A blonde in a green bathing suit leaps from a motel sign in Mesa, Arizona, splashing down into electric blue water. She’s been diving, over and over, for about 57 years—minus a blip in 2010 when a storm shattered the neon tubes that made her so mesmerizing and her community raised $120,000 (U.S.) to have her glory restored.
The fabrication process behind a neon sign like Mesa’s Diving Lady isn’t intuitive. At first glance, it’s easy to assume such signs are the work of machines—complicated ones sprouting reams of fluorescent glass noodles in some sort of massive, radiant factory somewhere. In fact, neon signs are hand-wrought, the product of patience, artistry, and skill. Each blinking beacon vying for your attention was carefully created by a neon bender who curved fragile, heated glass tubing until it was ready to shine.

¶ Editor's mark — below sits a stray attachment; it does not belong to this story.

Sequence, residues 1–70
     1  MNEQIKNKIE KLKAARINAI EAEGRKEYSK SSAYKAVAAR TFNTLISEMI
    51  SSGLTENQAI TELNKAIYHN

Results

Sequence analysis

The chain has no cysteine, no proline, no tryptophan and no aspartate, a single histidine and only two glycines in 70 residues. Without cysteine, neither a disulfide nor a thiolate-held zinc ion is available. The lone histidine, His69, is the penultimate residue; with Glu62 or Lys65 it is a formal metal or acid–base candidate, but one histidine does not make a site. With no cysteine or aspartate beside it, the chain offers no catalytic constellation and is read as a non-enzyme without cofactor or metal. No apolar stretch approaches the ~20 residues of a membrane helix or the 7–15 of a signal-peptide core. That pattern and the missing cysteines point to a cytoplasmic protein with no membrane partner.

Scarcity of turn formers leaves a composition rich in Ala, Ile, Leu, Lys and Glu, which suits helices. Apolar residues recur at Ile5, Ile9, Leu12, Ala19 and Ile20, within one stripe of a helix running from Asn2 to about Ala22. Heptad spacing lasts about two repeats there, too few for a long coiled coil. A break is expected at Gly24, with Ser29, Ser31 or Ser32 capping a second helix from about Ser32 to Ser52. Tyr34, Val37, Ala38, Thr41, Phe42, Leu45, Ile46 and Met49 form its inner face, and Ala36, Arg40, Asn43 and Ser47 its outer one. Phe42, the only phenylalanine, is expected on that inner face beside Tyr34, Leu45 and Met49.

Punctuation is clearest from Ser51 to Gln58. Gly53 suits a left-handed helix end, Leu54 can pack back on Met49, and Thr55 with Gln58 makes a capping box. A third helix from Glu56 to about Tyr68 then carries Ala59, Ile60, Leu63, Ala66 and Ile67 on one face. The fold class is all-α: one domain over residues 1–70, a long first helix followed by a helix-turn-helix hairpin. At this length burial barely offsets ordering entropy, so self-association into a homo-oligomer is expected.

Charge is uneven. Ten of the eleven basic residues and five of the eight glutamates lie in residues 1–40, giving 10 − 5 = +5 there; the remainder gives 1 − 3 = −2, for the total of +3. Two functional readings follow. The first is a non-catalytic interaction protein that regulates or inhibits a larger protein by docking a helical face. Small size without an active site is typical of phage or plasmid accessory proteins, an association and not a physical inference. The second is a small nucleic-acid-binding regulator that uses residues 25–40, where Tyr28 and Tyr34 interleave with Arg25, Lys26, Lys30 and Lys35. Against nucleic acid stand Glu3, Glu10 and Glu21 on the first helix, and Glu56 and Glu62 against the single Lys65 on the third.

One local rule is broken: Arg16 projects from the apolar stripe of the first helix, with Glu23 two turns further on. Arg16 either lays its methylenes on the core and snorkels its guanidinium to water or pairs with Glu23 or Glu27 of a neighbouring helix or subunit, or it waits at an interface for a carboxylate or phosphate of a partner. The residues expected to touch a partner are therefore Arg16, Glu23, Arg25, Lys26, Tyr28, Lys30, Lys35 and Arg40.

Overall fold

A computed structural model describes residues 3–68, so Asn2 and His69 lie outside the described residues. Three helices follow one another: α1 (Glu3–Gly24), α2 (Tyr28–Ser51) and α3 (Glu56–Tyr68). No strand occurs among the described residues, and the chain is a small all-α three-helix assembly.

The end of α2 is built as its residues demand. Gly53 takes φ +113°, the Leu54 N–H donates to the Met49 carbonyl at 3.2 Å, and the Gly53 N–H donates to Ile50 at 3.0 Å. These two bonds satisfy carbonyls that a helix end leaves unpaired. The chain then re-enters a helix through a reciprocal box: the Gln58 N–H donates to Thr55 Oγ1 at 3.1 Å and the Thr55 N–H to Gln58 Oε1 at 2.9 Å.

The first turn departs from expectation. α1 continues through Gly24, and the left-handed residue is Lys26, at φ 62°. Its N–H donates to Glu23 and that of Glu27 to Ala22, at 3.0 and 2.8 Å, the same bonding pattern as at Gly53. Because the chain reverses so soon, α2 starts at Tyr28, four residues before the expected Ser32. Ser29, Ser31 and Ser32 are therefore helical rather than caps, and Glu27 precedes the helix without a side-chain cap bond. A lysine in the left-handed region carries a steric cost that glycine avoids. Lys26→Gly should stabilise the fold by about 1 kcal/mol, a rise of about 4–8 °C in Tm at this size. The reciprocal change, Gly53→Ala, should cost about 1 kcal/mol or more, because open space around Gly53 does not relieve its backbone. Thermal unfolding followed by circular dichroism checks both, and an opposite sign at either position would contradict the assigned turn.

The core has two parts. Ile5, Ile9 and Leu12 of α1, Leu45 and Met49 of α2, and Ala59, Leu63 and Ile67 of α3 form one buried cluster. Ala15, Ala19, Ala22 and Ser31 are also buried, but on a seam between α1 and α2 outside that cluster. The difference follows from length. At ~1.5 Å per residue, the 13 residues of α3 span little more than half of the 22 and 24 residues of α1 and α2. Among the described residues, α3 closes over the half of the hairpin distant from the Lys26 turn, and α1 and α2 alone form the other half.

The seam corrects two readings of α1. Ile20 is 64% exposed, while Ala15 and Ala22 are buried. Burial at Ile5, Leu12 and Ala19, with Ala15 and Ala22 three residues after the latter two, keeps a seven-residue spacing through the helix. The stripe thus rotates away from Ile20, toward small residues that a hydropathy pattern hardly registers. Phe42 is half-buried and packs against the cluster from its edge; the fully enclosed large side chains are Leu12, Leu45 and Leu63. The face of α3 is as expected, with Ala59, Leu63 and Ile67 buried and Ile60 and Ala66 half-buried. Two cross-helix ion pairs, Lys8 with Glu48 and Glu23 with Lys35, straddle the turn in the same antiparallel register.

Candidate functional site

If softening glass to optimal pliability over a 900ºC open flame without so much as gloves on sounds difficult and dangerous, it is. Andrew Hibbs, owner of Endeavour Neon, has been accidentally cutting and burning himself in the process for decades. Andrew and his older brother, Troy Hibbs, who runs a signage company called TDH Experiential Fabricators (the siblings often collaborate), began bending neon in their mid-teens. Their father, a bender by trade, had a workshop in the family’s backyard, where the boys would go before school to practise making signs.